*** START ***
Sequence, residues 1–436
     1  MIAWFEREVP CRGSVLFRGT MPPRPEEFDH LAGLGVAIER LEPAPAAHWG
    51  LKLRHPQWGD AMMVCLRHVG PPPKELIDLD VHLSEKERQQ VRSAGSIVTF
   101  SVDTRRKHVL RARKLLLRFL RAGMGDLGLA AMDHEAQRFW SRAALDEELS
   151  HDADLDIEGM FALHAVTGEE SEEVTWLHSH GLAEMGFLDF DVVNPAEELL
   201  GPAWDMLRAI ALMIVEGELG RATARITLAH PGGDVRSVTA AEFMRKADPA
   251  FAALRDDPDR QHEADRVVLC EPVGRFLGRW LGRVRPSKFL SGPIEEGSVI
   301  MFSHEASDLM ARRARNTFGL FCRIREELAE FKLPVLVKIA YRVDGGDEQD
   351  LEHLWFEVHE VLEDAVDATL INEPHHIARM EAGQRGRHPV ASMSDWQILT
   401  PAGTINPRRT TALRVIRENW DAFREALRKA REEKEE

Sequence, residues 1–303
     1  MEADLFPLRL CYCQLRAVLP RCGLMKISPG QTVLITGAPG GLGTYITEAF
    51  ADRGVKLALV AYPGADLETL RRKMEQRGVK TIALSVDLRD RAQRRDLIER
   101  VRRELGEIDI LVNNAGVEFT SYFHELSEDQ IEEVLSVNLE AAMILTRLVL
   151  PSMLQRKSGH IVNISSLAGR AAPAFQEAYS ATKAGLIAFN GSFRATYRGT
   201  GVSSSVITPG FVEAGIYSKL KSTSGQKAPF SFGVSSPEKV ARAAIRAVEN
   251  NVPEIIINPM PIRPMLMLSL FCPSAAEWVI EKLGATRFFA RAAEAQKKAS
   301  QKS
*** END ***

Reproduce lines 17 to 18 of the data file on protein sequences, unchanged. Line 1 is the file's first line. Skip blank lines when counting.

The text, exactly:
   251  NVPEIIINPM PIRPMLMLSL FCPSAAEWVI EKLGATRFFA RAAEAQKKAS
   301  QKS